Enterprise organizations that use Hadoop and other technologies in their big data stack are among the winners this week as the largest two independent distributors of big data technology announced plans to merge. While Hadoop may have been deployed by leading-edge big technology companies, its lack of maturity has slowed any kind of broad adoption in the enterprise.
“The adoption was slower than we had expected,” Noel Yuhanna, a principal analyst at Forrester Research told InformationWeek. “Together they complement well since Hortonworks was focusing more on services and a distributed data management offering, while Cloudera on AI/ML, deep learning and advanced tooling.”
Additionally, the biggest competition for both Cloudera and Hortonworks (and the last remaining independent Hadoop distributor, MapR) is Amazon’s cloud Hadoop offering, according to Gartner VP and analyst Merv Adrian.
The merger will give cloud-agnostic Hadoop — a version of Hadoop not tied to the AWS platform — a stronger foothold in the market in a single company, and that’s good for enterprises that want to keep their workloads portable so they can move them to any cloud — AWS or Azure or Google — or to an on-premises implementation.
Cloudera CEO Tom Reilly, who will run the newly merged company as CEO, acknowledged the enterprise focus in a call with analysts following the merger announcement.
“We expect Amazon, Microsoft, and Google to be very receptive to this partnership, and we are going to invest heavily to help our customers bring more workloads there,” Reilly said.
“Our strategy though is built on the enterprise cloud. And what an enterprise wants is the ability to take advantage of the multiple public cloud providers, as well as private cloud,” Reilly said. “And together we’re going to accelerate our capabilities for our customers to be able to move workloads between those environments with one common platform that has a shared set of services for security and data governance.”
Adrian told InformationWeek in an interview that AWS’ implementation of Hadoop is not designed to help organizations with data governance and related issues. The merger between Cloudera and Hortonworks will help Hadoop and the entire data management stack offered by the companies to achieve the maturity needed for real enterprise adoption, he said.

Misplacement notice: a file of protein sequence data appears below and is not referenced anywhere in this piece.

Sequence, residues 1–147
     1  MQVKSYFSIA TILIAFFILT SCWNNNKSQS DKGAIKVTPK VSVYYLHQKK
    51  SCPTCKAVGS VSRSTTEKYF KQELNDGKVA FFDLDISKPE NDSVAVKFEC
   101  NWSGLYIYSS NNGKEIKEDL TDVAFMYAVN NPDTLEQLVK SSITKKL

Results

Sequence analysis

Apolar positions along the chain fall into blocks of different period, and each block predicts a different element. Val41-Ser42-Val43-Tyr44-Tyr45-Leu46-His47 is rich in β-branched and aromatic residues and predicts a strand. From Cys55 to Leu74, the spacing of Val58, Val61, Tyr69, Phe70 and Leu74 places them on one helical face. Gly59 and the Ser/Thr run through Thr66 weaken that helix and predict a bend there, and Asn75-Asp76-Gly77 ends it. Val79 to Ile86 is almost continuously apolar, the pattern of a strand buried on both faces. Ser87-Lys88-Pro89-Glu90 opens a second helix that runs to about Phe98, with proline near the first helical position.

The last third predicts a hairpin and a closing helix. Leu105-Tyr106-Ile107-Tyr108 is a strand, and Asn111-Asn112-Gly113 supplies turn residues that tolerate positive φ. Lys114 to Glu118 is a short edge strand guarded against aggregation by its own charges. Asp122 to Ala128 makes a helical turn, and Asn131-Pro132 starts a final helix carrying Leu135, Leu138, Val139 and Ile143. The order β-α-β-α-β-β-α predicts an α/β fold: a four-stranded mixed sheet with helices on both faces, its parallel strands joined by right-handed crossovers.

Experian CIO Barry Libenson told InformationWeek in an interview that his company has standardized on Cloudera and stays away from AWS versions of software because they are not portable. Experian’s Cloudera implementation is primarily in its on-premises data centers.
For enterprises that already have Cloudera or Hortonworks’ big data platform installed, the companies provided a high-level roadmap on where these platforms would go from here. Once the deal closes early next year, the combined company will create a near-term “unity release” that the companies say will combine the best of the current releases, CDH 6 (Cloudera Distribution Hadoop) and HDP 3 (Hortonworks Data Platform). Existing customers can upgrade to the unity release at their discretion.
The combined company will make the unified platform a functional superset of all past versions of CDH and HDP. Cloudera and Hortonworks also affirmed their continued commitment to open source.
Analysts say the combination of these two companies’ platforms will be much more straightforward than platforms of proprietary software companies such as Oracle and Peoplesoft. That’s because Cloudera and Hortonworks’ software is based on the same codebase, open source Apache Hadoop. That will make changes easier for enterprise customers, too. Customers will also get access to complementary technologies such as Hortonworks DataFlow and Cloudera Data Science Workbench.
The combined company, which will retain the name Cloudera, will have more than 2,500 customers and approximately $720 million in revenue, according to the companies’ statement announcing the deal. Of those customers, more than 120 will be worth over $1 million in annual recurring revenue.
Now that Cloudera and Hortonworks are combining into one company, what will happen to the third independent Hadoop distributor, MapR?
“This definitely puts pressure on MapR,” said Forrester’s Yuhanna. “It will have to get closer aligned and work together with a large traditional data platform vendor such as Oracle, IBM, SAP, or TiBCO to compete against the merger. Also, beef up their alliance strategy with cloud providers such as AWS, Microsoft and Google.”
MapR Chairman and CEO John Schroeder, however, told InformationWeek that his company continues to see migrations from the other platforms to MapR, and he fails to see any innovation benefits for customers in the merger.
“It is entirely about cost cutting and rationalization. This means their customers will suffer,” he said. “MapR has been innovating and delivering a better data platform for years, and we continue to see Cloudera and Hortonworks customers move to MapR. We support a broader set of workloads from analytics to ML and AI, already provide hybrid and multi-cloud, and deliver containerization with Kubernetes. Our customers are delivering their vision today with MapR.”
Cloudera CEO Reilly said in a letter to customers that the merger would create a strong offering for them.
“Our combined scale and resources will allow us to invest more in what you have told us you want — a modern hybrid data platform running the enterprise’s most demanding IoT/streaming, data engineering, data warehousing, and machine learning/AI applications across the data center, public clouds, and the edge.”
Jessica Davis has spent a career covering the intersection of business and technology at titles including IDG’s Infoworld, Ziff Davis Enterprise’s eWeek and Channel Insider, and Penton Technology’s MSPmentor. She’s passionate about the practical use of business intelligence, … View Full Bio